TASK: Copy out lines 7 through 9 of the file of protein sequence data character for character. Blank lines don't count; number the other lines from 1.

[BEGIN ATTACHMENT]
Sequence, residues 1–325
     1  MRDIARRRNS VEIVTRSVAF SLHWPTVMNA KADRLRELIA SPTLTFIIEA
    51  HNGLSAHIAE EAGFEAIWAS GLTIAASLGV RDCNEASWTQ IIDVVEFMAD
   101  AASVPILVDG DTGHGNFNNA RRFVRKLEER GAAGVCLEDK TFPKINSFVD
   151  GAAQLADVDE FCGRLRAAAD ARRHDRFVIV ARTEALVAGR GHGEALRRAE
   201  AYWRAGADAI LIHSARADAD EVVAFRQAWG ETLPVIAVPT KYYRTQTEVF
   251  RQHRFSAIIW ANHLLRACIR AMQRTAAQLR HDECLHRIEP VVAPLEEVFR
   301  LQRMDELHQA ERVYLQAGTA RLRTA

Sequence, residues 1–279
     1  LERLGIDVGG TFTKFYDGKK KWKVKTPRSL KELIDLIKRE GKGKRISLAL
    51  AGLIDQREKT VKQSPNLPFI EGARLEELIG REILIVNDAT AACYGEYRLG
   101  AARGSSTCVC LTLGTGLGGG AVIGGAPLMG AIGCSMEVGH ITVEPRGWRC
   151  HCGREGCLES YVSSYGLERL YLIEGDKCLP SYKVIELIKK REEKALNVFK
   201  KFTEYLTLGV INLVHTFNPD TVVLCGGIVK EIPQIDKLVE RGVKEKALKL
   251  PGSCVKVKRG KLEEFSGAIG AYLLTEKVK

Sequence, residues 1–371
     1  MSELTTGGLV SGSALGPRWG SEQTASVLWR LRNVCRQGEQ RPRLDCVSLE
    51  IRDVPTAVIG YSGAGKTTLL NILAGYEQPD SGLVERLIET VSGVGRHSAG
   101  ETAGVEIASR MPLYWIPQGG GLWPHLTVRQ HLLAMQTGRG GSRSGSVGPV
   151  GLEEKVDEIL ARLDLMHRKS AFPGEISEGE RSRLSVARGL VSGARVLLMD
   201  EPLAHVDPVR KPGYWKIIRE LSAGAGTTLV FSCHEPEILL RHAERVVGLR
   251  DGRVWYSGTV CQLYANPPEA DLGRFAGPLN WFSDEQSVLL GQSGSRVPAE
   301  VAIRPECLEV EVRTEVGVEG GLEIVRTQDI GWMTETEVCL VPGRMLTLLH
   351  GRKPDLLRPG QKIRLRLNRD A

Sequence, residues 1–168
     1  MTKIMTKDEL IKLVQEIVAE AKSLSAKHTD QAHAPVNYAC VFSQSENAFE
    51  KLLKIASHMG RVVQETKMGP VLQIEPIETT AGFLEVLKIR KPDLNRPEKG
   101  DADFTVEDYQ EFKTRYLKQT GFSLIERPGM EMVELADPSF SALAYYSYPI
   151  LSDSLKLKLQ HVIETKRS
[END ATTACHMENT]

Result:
   251  RQHRFSAIIW ANHLLRACIR AMQRTAAQLR HDECLHRIEP VVAPLEEVFR
   301  LQRMDELHQA ERVYLQAGTA RLRTA

Sequence, residues 1–279